I can't think of anything as relaxing and indulgent as enjoying a cup of freshly brewed herbal tea from a garden swing with a new book in hand. The birds flitting nearby, filling the air with their happy songs; bubbling fountains, windchimes tuned low and dancing in the breeze... it's all like a deep, cleansing breath for my soul. And the tea? Well, today it's the star of the show in this new Herbalism 101 series. We're diving into the art of blending your own medicinal teas and I hope you'll be inspired to pull out your jars of herbs when you're finished reading! =)
3 FACTORS OF TEA BLENDING
1. Define Your Purpose
Whenever you set out to blend a medicinal tea, it is important to start with a clear intention of what you would like to achieve with your final blend. Are you hoping to create a mix that will be a calming night-time tea to enjoy before bed? Are you wanting to stock your herbal pantry with a soothing tea for upset stomach episodes? Do you want your final blend to be useful for lifting the spirits on melancholy days? Determining what you want your tea to be useful for prior to doing anything else will help you to develop your vision for the final product. I also believe that beginning with the establishment of this sense of intention will energetically contribute to your final blend and help it to be even more effective.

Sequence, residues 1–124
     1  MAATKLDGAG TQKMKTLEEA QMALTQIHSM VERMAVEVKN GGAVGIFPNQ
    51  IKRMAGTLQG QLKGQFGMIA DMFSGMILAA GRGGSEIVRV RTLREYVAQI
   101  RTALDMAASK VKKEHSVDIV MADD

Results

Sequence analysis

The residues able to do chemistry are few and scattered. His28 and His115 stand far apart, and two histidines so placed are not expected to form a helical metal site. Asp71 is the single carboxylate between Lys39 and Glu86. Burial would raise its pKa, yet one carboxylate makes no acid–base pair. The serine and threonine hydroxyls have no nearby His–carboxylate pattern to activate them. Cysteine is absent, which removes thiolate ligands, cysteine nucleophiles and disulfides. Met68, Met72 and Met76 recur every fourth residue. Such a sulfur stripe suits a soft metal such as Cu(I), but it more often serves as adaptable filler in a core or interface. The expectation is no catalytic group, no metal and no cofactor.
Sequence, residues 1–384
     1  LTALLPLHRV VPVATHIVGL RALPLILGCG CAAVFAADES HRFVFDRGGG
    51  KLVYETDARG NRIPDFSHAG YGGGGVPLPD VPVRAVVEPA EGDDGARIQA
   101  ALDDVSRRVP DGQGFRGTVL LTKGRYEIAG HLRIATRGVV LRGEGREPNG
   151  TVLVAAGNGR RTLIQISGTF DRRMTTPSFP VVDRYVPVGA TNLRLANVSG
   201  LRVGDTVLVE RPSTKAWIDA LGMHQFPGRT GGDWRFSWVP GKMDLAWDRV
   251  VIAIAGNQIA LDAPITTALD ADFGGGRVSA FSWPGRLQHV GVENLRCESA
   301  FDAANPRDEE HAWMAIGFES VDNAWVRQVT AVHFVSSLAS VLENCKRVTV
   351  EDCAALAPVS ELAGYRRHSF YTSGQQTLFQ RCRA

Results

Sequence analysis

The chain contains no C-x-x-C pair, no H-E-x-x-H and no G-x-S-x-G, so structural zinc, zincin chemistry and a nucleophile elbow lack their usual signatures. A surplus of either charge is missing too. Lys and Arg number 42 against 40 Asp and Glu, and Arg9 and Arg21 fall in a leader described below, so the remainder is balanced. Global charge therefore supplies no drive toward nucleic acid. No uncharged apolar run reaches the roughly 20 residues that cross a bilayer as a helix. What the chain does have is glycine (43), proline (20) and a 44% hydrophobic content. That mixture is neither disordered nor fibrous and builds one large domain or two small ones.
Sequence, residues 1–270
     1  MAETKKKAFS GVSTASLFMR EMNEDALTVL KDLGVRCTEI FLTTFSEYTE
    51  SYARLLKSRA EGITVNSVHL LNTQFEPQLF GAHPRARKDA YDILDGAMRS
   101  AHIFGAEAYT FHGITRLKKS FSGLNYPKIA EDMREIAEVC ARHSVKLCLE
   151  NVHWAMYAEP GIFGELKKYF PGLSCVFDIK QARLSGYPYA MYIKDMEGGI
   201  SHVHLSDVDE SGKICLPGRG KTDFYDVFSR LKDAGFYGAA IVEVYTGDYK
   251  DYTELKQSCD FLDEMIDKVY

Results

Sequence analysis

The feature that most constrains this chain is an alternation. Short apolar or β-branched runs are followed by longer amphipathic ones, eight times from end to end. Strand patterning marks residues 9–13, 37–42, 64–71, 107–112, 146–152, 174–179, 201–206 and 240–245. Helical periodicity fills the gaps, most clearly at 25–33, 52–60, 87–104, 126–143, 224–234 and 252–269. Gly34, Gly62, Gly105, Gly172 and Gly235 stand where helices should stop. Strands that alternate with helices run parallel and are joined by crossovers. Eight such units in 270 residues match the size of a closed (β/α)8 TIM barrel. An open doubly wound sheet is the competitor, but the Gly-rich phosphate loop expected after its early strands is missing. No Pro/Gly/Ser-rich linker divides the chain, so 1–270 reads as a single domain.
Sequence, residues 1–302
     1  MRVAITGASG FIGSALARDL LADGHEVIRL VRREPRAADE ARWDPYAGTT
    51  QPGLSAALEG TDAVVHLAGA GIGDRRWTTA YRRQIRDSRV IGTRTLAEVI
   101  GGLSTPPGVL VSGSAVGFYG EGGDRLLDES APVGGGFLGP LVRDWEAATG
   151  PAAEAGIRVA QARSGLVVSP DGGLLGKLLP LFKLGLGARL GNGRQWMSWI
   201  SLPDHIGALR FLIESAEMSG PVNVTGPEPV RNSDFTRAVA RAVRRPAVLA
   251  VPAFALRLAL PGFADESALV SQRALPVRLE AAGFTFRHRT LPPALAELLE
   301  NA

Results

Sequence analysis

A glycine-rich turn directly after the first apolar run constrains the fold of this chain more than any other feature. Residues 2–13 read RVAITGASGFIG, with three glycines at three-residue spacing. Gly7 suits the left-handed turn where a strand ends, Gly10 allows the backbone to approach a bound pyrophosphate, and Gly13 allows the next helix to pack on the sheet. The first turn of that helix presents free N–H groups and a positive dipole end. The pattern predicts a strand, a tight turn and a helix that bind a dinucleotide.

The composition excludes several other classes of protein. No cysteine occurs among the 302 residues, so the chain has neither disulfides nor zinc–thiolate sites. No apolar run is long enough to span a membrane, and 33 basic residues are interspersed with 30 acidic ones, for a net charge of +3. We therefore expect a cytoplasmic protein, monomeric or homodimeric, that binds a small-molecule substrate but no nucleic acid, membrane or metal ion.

2. Choose Your Herbs
Once you know what purpose your blend will serve, you can start choosing the herbs you know you would like to include in it. This is a good time to start pulling out the herbs that you know are indicated for the purpose you have set for the final blend. For example, you might pull out your Lavender and Chamomile for a sleepy time blend or your Lemon Balm for a tea that will help with anxiety or depression. Consult your favorite herbals if needed.
At this time, I also like to pull out any herbs that I intuitively feel might complement the herbs I know I'll be blending with. They might not have a direct impact on the issue I'm hoping to address, but they may help on an energetic or emotional level by supporting the body/mind in some other way that will work well with my blend.